Moving Into Films: Part 5


Casting the film

Forming a production company would deal with most of my behind-the-camera concerns once the right people were put in charge. I had no doubt that I put together a skilled, efficient and competent crew in Cleveland. The next item in the agenda was finding the talent in front of the camera. Yes, my friends, I was aware that casting a film at this early stage of a production plan seems naive and contrary to standard production practices. But my naivite is in character with my way of thinking, which, in case you have failed to notice, is not lineal. There is a thoughful logic in my decisions that serves my intentions well. Now, where was I, oh yes -casting.

Well, casting turned out to be the easiest problem to work out. Since the moment I turned Bad Blood into words, I was casting my characters. I modeled them after people I already knew. Each one of them talked, walked and smelled exactly as the actors that would inpersonate them. The dialogue, mannerisms and expressions recorded in the screenplay could very well had come from the real-life models in real-life situations. Based on my own experiences as an actor, I strongly believed that an performer can bring a convincing degree of reality to a role when they play a close aproximation of themselves. This was to be -and still remains- the cornerstone of my casting philosophy.

I'd never considered casting "name actors" for the movie (even if I could afford them). I wanted to hire unknowns in the same way that George Lucas had done when casting for Star Wars. From my point of view Bad Blood was the star. There was going to be no name actor to distract the audience from the reality created by the film. Everyone was going to be new faces to them (except for the familiar historical portrayals in the film). True, name actors help sell a film, but I figured that if the movie were to be a hit my unknowns would be well known within weeks of the movie's premiere.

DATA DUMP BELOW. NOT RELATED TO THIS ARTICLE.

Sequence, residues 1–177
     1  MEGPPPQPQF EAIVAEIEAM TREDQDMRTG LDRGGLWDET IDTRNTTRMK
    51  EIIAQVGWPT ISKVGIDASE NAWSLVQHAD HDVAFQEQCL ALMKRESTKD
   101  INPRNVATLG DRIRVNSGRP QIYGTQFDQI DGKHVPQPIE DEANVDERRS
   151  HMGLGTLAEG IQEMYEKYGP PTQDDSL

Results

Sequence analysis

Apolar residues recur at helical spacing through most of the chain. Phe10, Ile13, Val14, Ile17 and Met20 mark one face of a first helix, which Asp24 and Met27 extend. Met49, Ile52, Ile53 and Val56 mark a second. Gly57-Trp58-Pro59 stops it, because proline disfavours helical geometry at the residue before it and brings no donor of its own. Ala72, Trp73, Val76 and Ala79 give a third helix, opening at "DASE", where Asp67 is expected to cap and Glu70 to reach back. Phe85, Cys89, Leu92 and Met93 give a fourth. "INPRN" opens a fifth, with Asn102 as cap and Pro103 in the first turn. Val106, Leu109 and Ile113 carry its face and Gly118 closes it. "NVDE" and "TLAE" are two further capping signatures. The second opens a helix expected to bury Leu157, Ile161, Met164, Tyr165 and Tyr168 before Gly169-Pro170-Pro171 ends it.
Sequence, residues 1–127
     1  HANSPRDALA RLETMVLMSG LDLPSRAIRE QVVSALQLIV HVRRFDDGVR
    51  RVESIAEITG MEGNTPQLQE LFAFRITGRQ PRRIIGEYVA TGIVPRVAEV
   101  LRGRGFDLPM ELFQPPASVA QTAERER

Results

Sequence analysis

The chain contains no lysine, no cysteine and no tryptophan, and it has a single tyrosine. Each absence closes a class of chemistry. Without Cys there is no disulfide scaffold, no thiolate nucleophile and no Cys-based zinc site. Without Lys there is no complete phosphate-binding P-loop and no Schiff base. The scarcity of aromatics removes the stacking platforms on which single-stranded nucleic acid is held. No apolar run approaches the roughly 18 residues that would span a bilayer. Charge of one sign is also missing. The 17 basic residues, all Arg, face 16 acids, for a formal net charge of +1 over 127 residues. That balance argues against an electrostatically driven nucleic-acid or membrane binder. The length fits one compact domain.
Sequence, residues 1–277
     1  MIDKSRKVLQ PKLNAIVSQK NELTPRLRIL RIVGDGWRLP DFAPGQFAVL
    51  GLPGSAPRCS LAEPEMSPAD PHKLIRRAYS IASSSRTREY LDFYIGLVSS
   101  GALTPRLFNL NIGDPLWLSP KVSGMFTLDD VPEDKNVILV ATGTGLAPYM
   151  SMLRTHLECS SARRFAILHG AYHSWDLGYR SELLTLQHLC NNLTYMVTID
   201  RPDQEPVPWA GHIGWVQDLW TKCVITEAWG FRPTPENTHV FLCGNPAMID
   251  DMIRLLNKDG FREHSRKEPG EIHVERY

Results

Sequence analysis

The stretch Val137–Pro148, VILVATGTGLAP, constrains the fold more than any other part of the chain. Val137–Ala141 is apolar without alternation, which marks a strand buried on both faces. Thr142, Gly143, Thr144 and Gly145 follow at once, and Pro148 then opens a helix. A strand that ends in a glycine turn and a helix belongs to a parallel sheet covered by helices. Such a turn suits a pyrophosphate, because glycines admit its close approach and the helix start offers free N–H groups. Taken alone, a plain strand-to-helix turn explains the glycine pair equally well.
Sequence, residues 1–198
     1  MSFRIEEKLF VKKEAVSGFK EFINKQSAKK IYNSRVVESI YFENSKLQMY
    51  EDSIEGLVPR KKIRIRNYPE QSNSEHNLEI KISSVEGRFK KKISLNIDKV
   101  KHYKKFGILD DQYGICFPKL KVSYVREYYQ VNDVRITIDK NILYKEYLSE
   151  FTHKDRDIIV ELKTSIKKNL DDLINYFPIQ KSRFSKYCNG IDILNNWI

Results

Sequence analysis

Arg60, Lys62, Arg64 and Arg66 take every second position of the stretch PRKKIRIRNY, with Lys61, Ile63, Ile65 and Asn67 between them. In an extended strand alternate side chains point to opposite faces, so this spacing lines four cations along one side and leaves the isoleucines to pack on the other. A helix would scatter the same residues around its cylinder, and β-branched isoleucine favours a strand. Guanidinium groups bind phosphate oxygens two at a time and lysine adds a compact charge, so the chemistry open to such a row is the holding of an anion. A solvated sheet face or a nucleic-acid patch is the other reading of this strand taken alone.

Furthermore, not only was I going to cast unknowns but I was going to cast them along "European lines" -no pretty boys or Barbie faces (unless it was a story requirement). If you look closely at the characters in European films you will notice how each face is remarkably interesting. When I say “interesting” I am not talking about levels of prettiness; I’m talking about being completely in sync with reality. Every feature and every movement seems to convey “lifetime experience.” This makes the characters on screen look genuine, convincing, and so much more appealing to watch. When this level of artistry is achieve in casting, you forget the actor and believe the character. I too wanted to cast faces with “substance.” This dictated, due to the story demand in Bad Blood, a mature cast.

As I'd mentioned before, when I was writing the screenplay I already had some Cleveland actors in mind to play individual roles. I had worked with most of them and I knew them well. They were good actors with theatre backgrounds. And they were good people. Maintaining a high standard of professionalism and mutual respect in any work environment is a hallmark of good production.

For certain roles I wanted non-actors, interesting people who would basically -in accordance to my casting philosophy, play themselves. When an artist or a writer finds a unique individual that would add more value to the art, he or she would not hesitate to employ them. I am happy to say that I was surrounded by a horde of unique individuals. I would be a fool not to utilize anyone who could add sparkle and polish to my film. This would mean spending more time preparing them. But since I was the producer we could plan for longer rehearsals. And since I was also the writer I could always change lines to suite needs.